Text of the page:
When nonequivalent resonance structures exist, the most likely resonance structure is the one with formal charges closest to zero. A general rule of chemical stability is that the localization of positive or negative charges within a molecule is destabilizing. Consider the following two possible inequivalent resonance structures for BCl3 shown here with calculated formal charges.
The resonance structure on the right is less likely than the one on the left because it has localized formal charges of +1 and -1. In addition, chlorine (χ = 3.0) is more electronegative than boron (χ = 2.0), so a resonance structure that has a positive formal charge on the more electronegative element (and a negative formal charge on the less electronegative element) is probably not stable.
The three nonequivalent resonance structures of CO2 are shown here with calculated formal charges.
The central structure is the most likely resonance structure for CO2 because it has formal charges of zero on each atom, whereas both of the other resonance structures have formal charges of +1 and -1 on the O atoms.
The cyanate ion, OCN-, has three nonequivalent resonance structures.
None of the three resonance structures have formal charges of zero on all atoms. The first resonance structure is not very likely because of the large formal charges (+1 and -2). The other two resonance structures, however, each have small formal charges. In this case, electronegativity can help determine the best resonance structure. The electronegativity of oxygen (3.5) is greater than that of nitrogen (3.0). Therefore, oxygen is more likely to carry a negative formal charge in a Lewis structure, and according to formal charges, the resonance structure on the right is most likely.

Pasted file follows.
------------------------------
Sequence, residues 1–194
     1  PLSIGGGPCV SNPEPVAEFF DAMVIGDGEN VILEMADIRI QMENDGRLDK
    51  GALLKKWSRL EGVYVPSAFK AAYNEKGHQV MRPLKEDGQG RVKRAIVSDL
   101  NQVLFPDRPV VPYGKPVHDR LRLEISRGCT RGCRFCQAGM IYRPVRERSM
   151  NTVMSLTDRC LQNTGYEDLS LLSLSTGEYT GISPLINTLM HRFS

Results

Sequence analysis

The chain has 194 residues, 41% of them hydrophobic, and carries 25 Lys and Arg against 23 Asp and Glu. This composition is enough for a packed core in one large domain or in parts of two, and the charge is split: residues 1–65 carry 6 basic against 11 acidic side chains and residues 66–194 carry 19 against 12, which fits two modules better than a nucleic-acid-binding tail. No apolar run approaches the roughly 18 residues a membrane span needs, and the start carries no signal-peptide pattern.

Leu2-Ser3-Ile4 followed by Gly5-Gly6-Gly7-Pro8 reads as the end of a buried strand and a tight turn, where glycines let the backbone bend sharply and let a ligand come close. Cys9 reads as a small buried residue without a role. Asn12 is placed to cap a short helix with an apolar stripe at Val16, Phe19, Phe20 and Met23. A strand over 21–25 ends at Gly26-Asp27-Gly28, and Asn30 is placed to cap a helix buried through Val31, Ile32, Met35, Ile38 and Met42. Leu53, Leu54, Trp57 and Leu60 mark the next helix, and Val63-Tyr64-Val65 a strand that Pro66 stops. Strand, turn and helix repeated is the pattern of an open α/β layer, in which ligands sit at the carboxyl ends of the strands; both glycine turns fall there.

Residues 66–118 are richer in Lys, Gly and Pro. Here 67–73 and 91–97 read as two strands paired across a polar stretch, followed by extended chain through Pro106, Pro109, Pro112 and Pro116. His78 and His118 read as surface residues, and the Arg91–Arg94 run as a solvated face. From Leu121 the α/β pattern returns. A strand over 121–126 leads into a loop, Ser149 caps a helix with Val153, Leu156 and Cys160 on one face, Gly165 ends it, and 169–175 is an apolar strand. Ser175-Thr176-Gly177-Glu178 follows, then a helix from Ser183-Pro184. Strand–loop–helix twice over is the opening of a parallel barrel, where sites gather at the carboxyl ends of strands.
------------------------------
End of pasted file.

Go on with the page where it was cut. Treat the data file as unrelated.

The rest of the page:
Three inequivalent resonance structures for the chlorate ion are shown here. Assign formal charges to all atoms in the resonance structures and identify the more likely resonance structure.
You are asked to use formal charge to identify the most likely resonance structure of those given for a polyatomic ion.
You are given three valid resonance structures.
Structure B is the most likely resonance structure. The formal charges in B are close to zero, and the highly electronegative oxygen atom carries a -1 formal charge. Structure A is unlikely because of the large positive formal charge on chlorine. Structure C is unlikely because the least electronegative element in the ion (chlorine) has a negative formal charge while the most electronegative element in the ion (oxygen) has a formal charge of zero.